Merch by Amazon – What I’ve Learned After 1 Year

what I've learned after 1 year of merch by amazon

If you’re an artist or graphic designer, applying to sell your designs through Merch by Amazon can definitely be worth your time.

Everyone shops on Amazon these days. And after a year of selling through Merch by Amazon, I thought I would share some of what I’ve learned!

Firstly, what is Amazon Merch? It’s essentially a Print on Demand service, similar to Redbubble or Society6. You can upload finished artwork to a variety of products, including t-shirts and cell phone accessories, and then they are printed and shipped out after a customer purchases that item.

Below is a screenshot of my earnings from September 2018 – August 2019. These figures are not huge compared to others out there, but it’s nothing to shake a fist at either! For reference, I only have about 100 products listed at the time of this writing.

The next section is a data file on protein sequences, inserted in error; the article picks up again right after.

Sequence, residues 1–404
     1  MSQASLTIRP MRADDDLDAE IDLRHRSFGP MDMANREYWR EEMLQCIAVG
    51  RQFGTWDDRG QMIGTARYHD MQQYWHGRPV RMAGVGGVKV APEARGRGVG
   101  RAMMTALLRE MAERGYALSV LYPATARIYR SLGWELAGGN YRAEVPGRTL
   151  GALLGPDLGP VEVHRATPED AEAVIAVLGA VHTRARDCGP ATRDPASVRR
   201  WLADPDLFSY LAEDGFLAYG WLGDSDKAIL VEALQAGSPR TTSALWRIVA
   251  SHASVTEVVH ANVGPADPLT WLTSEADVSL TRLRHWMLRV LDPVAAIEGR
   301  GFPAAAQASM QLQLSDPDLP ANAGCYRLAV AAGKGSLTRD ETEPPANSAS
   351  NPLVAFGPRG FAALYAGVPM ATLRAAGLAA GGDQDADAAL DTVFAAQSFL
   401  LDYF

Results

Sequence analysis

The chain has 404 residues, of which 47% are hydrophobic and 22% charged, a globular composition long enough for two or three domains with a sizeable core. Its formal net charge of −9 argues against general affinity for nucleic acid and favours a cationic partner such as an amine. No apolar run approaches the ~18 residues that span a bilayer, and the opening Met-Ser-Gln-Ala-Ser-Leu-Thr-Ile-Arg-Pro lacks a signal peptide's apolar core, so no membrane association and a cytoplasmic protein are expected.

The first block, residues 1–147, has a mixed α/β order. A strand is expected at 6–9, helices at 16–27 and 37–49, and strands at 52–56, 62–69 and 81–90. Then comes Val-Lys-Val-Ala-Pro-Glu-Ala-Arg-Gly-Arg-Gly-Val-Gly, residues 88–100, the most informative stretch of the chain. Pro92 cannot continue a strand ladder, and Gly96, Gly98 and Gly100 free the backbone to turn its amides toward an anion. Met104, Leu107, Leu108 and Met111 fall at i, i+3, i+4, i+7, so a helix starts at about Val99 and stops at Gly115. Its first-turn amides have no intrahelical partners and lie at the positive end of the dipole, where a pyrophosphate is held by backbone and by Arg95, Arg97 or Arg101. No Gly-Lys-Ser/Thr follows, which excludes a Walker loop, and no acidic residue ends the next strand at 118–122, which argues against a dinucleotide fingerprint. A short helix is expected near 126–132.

As you can see, I’ve made about $2000 in total so far. I hope to double or even triple that figure in the next year!

Here are some things I’ve learned along the way.

Merch by Amazon – What I’ve Learned

  • Getting started can be frustrating. Application rejections don’t always make sense. It’s likely an automated process so make sure everything is filled out correctly. One wrong thing could lead to automatic rejection.
  • Getting accepted takes time. Be patient. It can take a few weeks in some cases.